12 May 2021
Some people over state pension age are not entitled to a state pension. This is particularly likely to be relevant to those who arrive in the UK relatively late in their working life or even post retirement.
A comparison of statistics for the British resident population and the number of people drawing a state pension suggests a discrepancy which cannot be explained purely by people knowingly deferring their state pension for a few years, nor purely by lack of entitlement. The gap between the total pensioner population and those receiving a retirement pension suggests more is at play.
This paper attempts to quantify the unexplained shortfall and to consider what might be causing it. The ‘mystery of the missing pensioners’ also makes a series of recommendations to raise awareness amongst older people not getting a state pension and calls on the government to do much more to make sure that people draw the pension to which they are entitled.
For more information for those with no state pension click here.
LCP has created a calculator for married women to help you identify if you may be affected. By entering a few details about you and your husband, you’ll be able to get an indication of whether you may be receiving too little here.
You can also read the first and second paper we did which explores the background to this issue in greater depth. The problem affects a set of women covered by the ‘old’ state pension system – that is, those who reached state pension age before 6th April 2016.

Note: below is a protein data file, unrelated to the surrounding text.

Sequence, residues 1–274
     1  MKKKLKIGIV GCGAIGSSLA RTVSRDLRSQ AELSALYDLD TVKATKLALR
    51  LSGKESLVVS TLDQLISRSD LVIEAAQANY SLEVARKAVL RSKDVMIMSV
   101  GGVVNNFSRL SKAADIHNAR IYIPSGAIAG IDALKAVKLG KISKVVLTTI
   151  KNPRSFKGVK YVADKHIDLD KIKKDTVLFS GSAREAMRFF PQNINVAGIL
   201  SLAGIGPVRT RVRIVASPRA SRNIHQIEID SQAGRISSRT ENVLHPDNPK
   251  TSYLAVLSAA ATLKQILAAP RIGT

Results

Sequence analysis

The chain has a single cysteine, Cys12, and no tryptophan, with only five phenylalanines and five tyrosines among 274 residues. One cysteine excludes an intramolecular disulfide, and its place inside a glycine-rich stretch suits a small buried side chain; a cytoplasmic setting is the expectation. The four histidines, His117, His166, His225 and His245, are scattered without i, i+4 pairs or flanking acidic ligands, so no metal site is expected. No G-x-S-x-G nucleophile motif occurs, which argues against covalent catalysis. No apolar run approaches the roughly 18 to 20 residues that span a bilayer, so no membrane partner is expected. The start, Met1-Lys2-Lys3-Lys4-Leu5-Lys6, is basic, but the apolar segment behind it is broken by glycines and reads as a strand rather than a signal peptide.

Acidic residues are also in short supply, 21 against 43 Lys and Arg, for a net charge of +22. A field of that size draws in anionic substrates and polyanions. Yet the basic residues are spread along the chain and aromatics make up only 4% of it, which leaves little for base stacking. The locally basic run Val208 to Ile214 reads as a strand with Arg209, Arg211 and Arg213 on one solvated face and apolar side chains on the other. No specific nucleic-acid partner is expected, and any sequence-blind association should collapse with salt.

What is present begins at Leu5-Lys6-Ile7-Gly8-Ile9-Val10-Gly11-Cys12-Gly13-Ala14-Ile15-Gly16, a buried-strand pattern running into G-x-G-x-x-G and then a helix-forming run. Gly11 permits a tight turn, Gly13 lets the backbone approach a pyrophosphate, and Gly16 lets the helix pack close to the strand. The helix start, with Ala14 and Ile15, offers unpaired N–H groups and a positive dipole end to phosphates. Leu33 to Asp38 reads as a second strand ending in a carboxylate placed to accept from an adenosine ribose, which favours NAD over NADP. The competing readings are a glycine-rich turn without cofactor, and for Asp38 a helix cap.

Key discussion points include:
- There are several legitimate reasons why not everyone aged 70 or above would be expected to be getting a state pension which include long term deferral, major national insurance gaps and receipt of other benefits. But these reasons only explain a fraction of the ‘missing’ quarter of a million pensioners;
- There are around 107,000 people (65,000 women, 42,000 men) in Great Britain who are aged 80 or over but have zero state pension *despite the existence of a non-contributory state pension for this age group*. We believe that a large proportion of this group could make a successful claim for a Category D state pension if they were aware of it; and
- For those who were previously on a *zero* state pension, the upgrade to the Category D pension rate does not happen automatically at age 80 – a claim has to be made. However, there are many reasons why this age group are not claiming including lack of awareness, language barriers (where for some people English may not necessarily be their first language thus increasing the barrier to claim) and practical barriers (eg home country documentation not being accepted in the UK) and reduced mental capacity and ability to cope with issues such as claiming pensions and benefits.